The US economy is about to face a new challenge rooted in the arithmetic of growth: what fiscal stimulus gives, fiscal stimulus takes away.
The US $ 1.9 trillion bailout package promulgated in March, as well as a $ 900 billion pandemic aid package adopted in December, are heavily loaded upstream. They were set up to get money fast. But one of the consequences of this strategy is that fiscal policy in the coming quarters will hurt economic growth.
Economists primarily predict that the economy, with strong labor market dynamics and huge pools of household savings, will be strong enough to continue growing despite weakening fiscal stimulus. To avoid an economic downturn, a huge shift must occur from government-induced demand to the private sector.
The prevailing opinion is that it will be successful. But there are aspects of this unusual economic moment that could make the road bumpy.
There is no modern precedent for such huge fluctuations in the amounts the government injects into the economy. And there is a risk – recently acknowledged by a senior Federal Reserve official – that if the pandemic-era economies are disproportionately owned by the rich, they will sit on that money rather than spend it.
“We are certainly going to see a huge drop in fiscal stimulus,” said Nancy Vanden Houten, chief economist at Oxford Economics. “The question then becomes how well positioned the economy is to deal with this, and we don’t really know for sure, what applies to so much over this time frame that we are going through.”
Most Americans who were to receive stimulus checks of a combined $ 2,000 per person have already received them. The Treasury Department mentionned This month, $ 395 billion of that money is now shipped, which is slightly higher than the payments provided for in the US bailout when it was enacted.
While UI payments remain high, these expenses also decline as people return to work – and supplements to those payments are expected to expire in September. Much of the other spending was either short-term, focused on things like rolling out the vaccine, or will be spent very gradually, like an expanded child tax credit and grants to state and local governments.
Overall, government spending added 8.5 percentage points to the rate of economic growth in the first quarter, according to calculations by the Brookings Institution’s Hutchins Center on Fiscal and Monetary Policy. But this so-called fiscal impact is expected to turn slightly negative in the second and third quarters – then act as a significant drag on growth in the fourth quarter of 2021 and into 2022.
In the second quarter of 2022, fiscal policy is on track to subtract 3.3 percentage points from the growth rate, far more than the 2.2 percentage point subtraction in the third quarter of 2011, which was the most extreme quarter of the year. last post-hangover period of previous recession.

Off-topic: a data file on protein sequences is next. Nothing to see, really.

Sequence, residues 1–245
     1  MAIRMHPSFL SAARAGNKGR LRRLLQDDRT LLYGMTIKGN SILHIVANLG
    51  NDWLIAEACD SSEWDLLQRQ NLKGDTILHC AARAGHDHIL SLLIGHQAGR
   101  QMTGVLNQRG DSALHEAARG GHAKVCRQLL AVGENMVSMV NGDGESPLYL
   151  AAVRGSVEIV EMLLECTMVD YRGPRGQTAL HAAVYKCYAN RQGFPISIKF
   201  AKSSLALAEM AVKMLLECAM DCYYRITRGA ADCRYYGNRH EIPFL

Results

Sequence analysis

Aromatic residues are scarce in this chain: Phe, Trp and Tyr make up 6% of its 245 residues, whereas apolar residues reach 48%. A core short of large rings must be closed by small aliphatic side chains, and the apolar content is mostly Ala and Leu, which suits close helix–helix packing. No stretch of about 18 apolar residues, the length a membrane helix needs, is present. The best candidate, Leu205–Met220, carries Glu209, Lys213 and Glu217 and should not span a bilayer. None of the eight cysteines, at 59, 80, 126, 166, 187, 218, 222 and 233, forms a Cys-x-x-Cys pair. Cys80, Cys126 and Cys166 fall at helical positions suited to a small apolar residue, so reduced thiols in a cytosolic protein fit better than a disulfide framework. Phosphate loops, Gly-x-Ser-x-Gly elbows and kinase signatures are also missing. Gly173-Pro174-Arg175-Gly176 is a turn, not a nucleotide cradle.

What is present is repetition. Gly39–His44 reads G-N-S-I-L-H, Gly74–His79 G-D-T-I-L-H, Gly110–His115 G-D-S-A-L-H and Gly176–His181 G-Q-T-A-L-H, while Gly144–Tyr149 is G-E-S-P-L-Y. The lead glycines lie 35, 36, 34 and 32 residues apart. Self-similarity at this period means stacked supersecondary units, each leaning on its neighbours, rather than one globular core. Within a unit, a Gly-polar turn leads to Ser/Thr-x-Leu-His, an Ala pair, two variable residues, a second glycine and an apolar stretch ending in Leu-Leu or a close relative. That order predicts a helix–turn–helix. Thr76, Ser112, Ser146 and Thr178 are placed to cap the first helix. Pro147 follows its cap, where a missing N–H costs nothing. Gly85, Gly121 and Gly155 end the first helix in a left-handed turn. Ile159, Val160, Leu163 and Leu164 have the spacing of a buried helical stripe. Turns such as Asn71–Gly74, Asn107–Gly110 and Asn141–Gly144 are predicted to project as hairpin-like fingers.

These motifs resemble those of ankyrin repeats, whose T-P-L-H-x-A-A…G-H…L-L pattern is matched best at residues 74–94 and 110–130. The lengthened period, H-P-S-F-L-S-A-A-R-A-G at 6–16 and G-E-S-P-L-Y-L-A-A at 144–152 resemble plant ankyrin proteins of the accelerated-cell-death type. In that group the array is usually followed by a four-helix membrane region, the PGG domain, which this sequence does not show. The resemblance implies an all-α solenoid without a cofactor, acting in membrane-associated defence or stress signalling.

This could change depending on the direction of negotiations on infrastructure and family support policies, but these policies should influence fiscal policy over many years – they are deferred rather than front-loaded – so they should not. radically change the future in the short term. .
The case for staying calm even as federal spending collapses rests on the rapid growth of the private sector in recent months.
Employers are increasing their payrolls at a breakneck pace, so higher wages should support consumer spending even if government support disappears. Businesses report being in an expansionary mood, which bodes well for capital spending. And overseas economies are expected to start growing as other countries achieve more widespread vaccination, which would be good news for U.S. exports.
“I think the basic story is that the economy is reopening, so it may take the fact that this stimulus kicks in,” said Louise Sheiner, senior fellow at Brookings.
Plus, Americans are sitting on a vast pool of money saved that they didn’t spend on things like travel and restaurants during the pandemic. Households have saved an average of $ 282 billion per month since March 2020, up from $ 103 billion per month in 2019.
So a big question for the economy in the second half of 2021 and 2022 is what happens to these cumulative additional savings of $ 2.5 trillion. Will this support short-term spending enough to keep growth on a solid track, or will Americans instead prefer the comfort of having a stronger balance sheet?
This is where the distribution problem arises. To the extent that the money is held by the financially well-off, they may be less likely to spend it and help propel the economy.
“Today’s fiscal tailwinds are expected to turn into headwinds next year,” said Lael Brainard, a Fed governor, in a word this month. “An important question, then, is to what extent household spending will continue to support growth next year, as opposed to a return to pre-pandemic trends.”
On the other hand, the rapid reduction in the fiscal push could help ease the inflationary pressures that have built up in the economy. Whatever you think of the decision to send people $ 2,000, there will be no more checks that could push demand even higher and risk fueling an inflation cycle.
Ultimately, this is another example of how unusual the economy driven by the pandemic is. The only real historical comparisons with the types of public spending surges of the past five quarters are of the beginnings and ends of wars, which have their own economic dynamics.
Which means it’s worth watching exactly what happens when the federal government steps down, and whether U.S. consumers, businesses and importers around the world step up in the way forecasters expect.